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poet

Richard Aldington

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Richard Aldington was born Edward Godfree Aldington on July 8, 1892, in Hampshire, England. He studied at Dover College and London University. He became friends with Ezra Pound and was an early member of the Imagist movement, publishing the poetry collection Images Old and New (The Four Seas Company, 1916). He married the poet H. D., another important figure in Imagism, in 1913; they divorced in 1938. 

In 1916 Aldington joined the British Army and went on to serve in the Royal Sussex Regiment in France. He began publishing poems about the war soon after; in February 1918, he wrote a letter to a friend: “It may seem to you that I have been almost wantonly morbid in these war poems…. You cannot know, you cannot understand, where you are, the mentality of the soldier—the profound shattering of the nerves, the over-wrought tension, the intensity of sensation which come to him.”

He published numerous volumes of poetry, including The Complete Poems of Richard Aldington (A. Wingate, 1948), Exile, and Other Poems (G. Allen & Unwin, 1923), and Images of War (G. Allen & Unwin, 1919). He was also known for his novels, including Death of a Hero () and his biographies, most famously Lawrence of Arabia (1955).

Aldington died in France on July 27, 1962.


Selected Bibliography

Poetry
The Complete Poems of Richard Aldington (A. Wingate, 1948)
The Crystal World (W. Heinemann, 1937)
The Poems of Richard Aldington (Doubleday, 1934)
Collected Poems (Covici, Friede, 1928)
The Love of Myrrhine and Konallis, and Other Prose Poems (P. Covici, 1926)
Exile, and Other Poems (G. Allen & Unwin, 1923)
War and Love (1915–1919) (The Four Seas Company, 1919)
Images of War (G. Allen & Unwin, 1919)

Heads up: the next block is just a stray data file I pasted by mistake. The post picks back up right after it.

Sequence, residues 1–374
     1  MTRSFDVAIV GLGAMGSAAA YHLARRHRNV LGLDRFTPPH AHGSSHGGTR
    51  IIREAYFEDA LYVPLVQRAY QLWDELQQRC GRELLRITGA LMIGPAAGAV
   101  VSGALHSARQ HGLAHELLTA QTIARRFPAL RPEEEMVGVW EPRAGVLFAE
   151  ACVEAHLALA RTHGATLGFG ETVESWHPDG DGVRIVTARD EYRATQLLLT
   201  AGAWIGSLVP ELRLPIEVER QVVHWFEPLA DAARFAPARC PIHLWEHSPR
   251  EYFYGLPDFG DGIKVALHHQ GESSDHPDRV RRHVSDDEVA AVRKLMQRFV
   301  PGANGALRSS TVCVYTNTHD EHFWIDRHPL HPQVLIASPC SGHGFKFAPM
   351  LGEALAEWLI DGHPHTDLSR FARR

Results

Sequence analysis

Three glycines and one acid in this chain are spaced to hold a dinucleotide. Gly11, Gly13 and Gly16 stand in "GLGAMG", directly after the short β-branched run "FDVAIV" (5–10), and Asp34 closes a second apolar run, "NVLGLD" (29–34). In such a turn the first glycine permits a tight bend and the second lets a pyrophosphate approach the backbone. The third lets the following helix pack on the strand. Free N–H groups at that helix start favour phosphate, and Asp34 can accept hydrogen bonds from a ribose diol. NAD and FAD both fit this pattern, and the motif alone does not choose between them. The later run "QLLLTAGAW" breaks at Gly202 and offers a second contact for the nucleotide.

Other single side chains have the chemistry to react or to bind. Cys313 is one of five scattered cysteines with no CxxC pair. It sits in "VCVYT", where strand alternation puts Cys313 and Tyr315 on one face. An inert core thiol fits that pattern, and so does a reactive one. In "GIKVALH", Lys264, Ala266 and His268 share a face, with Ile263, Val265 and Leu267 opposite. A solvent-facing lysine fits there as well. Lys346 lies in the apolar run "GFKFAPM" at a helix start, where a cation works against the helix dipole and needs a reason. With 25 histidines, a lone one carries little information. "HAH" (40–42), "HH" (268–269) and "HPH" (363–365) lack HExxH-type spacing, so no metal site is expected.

Images (The Egoist, 1919)
Images Old and New (The Four Seas Company, 1916)

Prose
Introduction to Mistral (Heinemann, 1956)
Lawrence of Arabia (Collins, 1955)
Life for Life’s Sake: A Book of Reminiscences (The Viking Press, 1941)
Artifex, Sketches and Ideas (Chatto & Windus, 1935)
Women Must Work (Doubleday, 1934)
The Colonel’s Daughter (Doubleday, 1931)
Roads to Glory (Chato & Windus, 1930)
Death of a Hero (Covici, Friede, 1929)
Remy de Gourmont, A Modern Man of Letters (University of Washington, 1928)
D. H. Lawrence: An Indiscretion (University of Washington, 1927)
French Studies and Reviews (G. Allen & Unwin, 1926)
Voltaire (E. P. Dutton, 1925)
Literary Studies and Reviews (Dial Press, 1924)

by this poet

poem
They have torn the gold tettinx
From my hair;
And wrenched the bronze sandals
From my ankles.

They have taken from me my friend
Who knew the holy wisdom of poets,
Who had drunk at the feast
Where Simonides sang.

No more do I walk the calm gardens
In the white mist of olives;
No more do I take the rose-crown
poem
One night I wandered alone from my comrades’ huts;
The grasshoppers chirped softly
In the warm misty evening;
Bracken fronds beckoned from the darkness
With exquisite frail green fingers;
The tree gods muttered affectionately about me,
And from the distance came the grumble of a kindly train.

I was so happy to
poem
Let the sea beat its thin torn hands
In anguish against the shore,
Let it moan
Between headland and cliff;
Let the sea shriek out its agony
Across waste sands and marshes,
And clutch great ships,
Tearing them plate from steel plate
In reckless anger;
Let it break the white bulwarks
Of harbour and city;
Let it sob